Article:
Henshaw and Gullitt horselaughed, and within seconds most of the other inmates on the tier were chiming in and cackling loudly. Nugent took a step backward and scowled up and down the tier. "Quiet!" he demanded, but the laughter. increased. Sam continued puffing and blowing smoke through the bars. Catcalls and insults could be heard amid the ruckus.
"I'll be back," Nugent shouted angrily at Sam.
"He shall return!" Henshaw yelled, and the commotion grew even louder. The commandant stormed away, and as he marched swiftly to the end of the hall, shouts of "Heil Hitler" rang through the tier.
Sam smiled at the bars for a moment as the noise died, then returned to his position on the edge of the bed. He took a bite of dry toast, a sip of cold coffee. He resumed his typing.
The afternoon drive to Parchman was not a particularly pleasant one. Garner Goodman sat in the front seat as Adam drove, and they talked strategy and brainstormed about the last minute appeals and procedures. Goodman planned to return to Memphis over the weekend, and be available during the last three days. The psychiatrist was Dr. Swinn, a cold, unsmiling man in a black suit. He had wild, bushy hair, dark eyes hidden behind thick glasses, and was completely incapable of small talk. His presence in the backseat was discomfiting. He did not utter a single word from Memphis to Parchman.
The examination had been arranged by Adam and Lucas Mann to take place in the prison hospital, a remarkably modern facility. Dr. Swinn had very plainly informed Adam that neither he nor Goodman could be present during his evaluation of Sam. And this was perfectly fine with Adam and Goodman. A prison van met them at the front gate, and carried Dr. Swinn to the hospital deep inside the farm.
Goodman had not seen Lucas Mann in several years. They shook hands like old friends, and immediately lapsed into war stories about executions. The conversation was kept away from Sam, and Adam appreciated it.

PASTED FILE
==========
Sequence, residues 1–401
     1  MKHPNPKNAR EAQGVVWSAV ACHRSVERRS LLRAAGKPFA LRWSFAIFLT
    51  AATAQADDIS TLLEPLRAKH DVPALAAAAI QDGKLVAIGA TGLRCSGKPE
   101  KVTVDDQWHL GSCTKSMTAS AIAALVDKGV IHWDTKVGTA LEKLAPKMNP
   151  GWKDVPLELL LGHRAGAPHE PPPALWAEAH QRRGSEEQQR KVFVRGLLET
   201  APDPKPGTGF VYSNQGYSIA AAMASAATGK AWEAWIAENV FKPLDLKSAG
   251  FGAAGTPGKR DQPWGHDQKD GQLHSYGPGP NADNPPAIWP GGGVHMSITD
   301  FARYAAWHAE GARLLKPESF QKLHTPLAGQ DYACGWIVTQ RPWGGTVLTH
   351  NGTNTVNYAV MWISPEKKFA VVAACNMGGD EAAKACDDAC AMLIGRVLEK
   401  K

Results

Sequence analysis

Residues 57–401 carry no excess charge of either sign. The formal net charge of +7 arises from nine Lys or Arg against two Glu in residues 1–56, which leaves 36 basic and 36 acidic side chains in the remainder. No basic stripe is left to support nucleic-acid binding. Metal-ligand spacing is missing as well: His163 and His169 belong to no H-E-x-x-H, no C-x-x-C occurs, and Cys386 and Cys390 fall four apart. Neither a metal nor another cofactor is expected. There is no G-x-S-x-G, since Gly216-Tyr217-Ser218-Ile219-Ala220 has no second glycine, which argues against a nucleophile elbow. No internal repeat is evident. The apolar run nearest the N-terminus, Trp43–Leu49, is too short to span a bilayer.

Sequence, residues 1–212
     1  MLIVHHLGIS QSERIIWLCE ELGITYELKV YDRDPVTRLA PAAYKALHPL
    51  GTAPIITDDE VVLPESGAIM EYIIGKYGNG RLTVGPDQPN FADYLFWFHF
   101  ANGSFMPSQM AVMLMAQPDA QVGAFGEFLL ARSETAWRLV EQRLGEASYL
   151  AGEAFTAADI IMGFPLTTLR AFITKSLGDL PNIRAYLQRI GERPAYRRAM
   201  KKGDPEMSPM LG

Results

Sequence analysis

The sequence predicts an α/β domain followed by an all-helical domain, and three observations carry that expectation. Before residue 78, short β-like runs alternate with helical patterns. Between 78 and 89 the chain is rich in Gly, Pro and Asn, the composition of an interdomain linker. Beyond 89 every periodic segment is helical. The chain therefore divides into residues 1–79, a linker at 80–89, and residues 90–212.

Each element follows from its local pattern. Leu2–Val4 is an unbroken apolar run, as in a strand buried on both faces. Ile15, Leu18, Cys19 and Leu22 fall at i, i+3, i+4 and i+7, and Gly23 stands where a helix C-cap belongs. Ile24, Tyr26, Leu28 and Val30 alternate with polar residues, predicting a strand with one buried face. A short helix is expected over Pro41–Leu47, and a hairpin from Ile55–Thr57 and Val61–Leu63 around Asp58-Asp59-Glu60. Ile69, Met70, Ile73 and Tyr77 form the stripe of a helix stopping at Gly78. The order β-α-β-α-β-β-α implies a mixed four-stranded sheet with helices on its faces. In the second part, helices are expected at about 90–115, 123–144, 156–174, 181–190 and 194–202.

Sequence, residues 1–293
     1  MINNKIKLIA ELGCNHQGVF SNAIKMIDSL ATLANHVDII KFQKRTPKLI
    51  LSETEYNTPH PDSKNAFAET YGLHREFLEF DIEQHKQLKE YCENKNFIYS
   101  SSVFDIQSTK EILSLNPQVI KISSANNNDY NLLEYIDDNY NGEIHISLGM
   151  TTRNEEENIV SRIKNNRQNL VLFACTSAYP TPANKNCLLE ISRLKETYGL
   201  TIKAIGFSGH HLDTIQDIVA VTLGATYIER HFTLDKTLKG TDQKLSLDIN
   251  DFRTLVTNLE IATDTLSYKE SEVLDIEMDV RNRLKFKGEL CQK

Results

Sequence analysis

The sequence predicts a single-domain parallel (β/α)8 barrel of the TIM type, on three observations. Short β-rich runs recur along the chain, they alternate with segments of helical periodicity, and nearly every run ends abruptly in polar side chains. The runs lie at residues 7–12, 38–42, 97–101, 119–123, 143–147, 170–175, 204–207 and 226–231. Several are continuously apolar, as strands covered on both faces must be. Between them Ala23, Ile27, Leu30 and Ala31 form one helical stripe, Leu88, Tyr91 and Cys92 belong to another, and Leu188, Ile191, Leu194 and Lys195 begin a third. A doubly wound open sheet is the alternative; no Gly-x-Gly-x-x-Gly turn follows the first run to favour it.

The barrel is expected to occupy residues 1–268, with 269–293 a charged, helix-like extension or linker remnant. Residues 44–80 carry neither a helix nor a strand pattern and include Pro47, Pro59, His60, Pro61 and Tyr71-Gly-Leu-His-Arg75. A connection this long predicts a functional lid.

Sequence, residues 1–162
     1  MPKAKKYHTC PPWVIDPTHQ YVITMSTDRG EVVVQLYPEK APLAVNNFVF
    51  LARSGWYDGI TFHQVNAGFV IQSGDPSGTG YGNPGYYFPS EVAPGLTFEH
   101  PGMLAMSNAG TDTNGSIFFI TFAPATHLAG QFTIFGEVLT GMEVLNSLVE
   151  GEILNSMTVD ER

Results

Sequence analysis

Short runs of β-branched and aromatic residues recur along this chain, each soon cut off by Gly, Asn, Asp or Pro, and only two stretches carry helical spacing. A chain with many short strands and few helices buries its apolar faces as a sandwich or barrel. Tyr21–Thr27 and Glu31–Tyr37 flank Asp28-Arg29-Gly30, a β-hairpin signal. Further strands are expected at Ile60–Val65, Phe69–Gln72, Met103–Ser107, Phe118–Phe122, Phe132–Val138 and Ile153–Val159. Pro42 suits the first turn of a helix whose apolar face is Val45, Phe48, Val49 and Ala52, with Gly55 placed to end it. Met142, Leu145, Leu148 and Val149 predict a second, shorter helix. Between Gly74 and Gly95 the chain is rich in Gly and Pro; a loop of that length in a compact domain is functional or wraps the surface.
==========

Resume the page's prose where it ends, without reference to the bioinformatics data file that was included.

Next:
They walked from Mann's office across a parking lot to a small building behind the administration complex. The building was a restaurant, designed along the lines of a neighborhood tavern. Called The Place, it served basic food to the office workers and prison employees. No alcohol. It was on state property.
They drank iced tea and talked about the future of capital punishment. Both Goodman and Mann agreed that executions would soon become even more commonplace. The U.S. Supreme Court was continuing its swing to the right, and it was weary of the endless appeals. Ditto for the lower levels of the federal judiciary. Plus, American juries were becoming increasingly reflective of society's intolerance of violent crime. There was much less sympathy for death row inmates, a much greater desire to fry the bastards. Fewer federal dollars were being spent to fund groups opposed to the death penalty, and fewer lawyers and their firms were willing to make the enormous pro bono commitments. The death row population was growing faster than the number of lawyers willing to take capital cases.
Adam was quite bored with the conversation. He'd read and heard it a hundred times. He excused himself and found a pay phone in a corner. Phelps was not in, a young secretary said, but he'd left a message for Adam: no word from Lee. She was scheduled to be in court in two weeks; maybe she'd turn up then.
Darlene typed Dr. Swinn's report while Adam and Garner Goodman worked on the petition to accompany it. The report was twenty pages long in rough draft, and sounded like soft music. Swinn was a hired gun, a prostitute who'd sell an opinion to the highest bidder, and Adam detested him and his ilk. He roamed the country as a professional testifier, able to say this today and that tomorrow, depending on who had the deepest pockets. But for the moment, he was their whore, and he was quite good. Sam was suffering from advanced senility. His mental faculties had eroded to the point where he did not know and appreciate the nature of his punishment. He lacked the requisite competence to be executed, and therefore the execution would not serve any purpose. It was not an entirely unique legal argument, nor had the courts exactly embraced it. But, as Adam found himself saying every day, what was there to lose? Goodman seemed to be more than a little optimistic, primarily because of Sam's age. He could not recall an execution of a man over the age of fifty.
They, Darlene included, worked until almost eleven.